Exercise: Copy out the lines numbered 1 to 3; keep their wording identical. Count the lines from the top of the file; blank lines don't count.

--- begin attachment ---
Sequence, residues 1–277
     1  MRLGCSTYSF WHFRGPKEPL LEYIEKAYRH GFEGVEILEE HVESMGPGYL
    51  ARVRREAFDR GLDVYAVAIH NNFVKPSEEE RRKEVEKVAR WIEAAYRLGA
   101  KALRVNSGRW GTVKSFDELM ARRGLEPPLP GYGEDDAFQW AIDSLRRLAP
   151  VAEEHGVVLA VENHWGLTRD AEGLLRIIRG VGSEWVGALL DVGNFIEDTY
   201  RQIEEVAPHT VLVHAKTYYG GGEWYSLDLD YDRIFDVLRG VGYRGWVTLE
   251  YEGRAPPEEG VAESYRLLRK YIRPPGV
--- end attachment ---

Sequence, residues 1–277
     1  MRLGCSTYSF WHFRGPKEPL LEYIEKAYRH GFEGVEILEE HVESMGPGYL
    51  ARVRREAFDR GLDVYAVAIH NNFVKPSEEE RRKEVEKVAR WIEAAYRLGA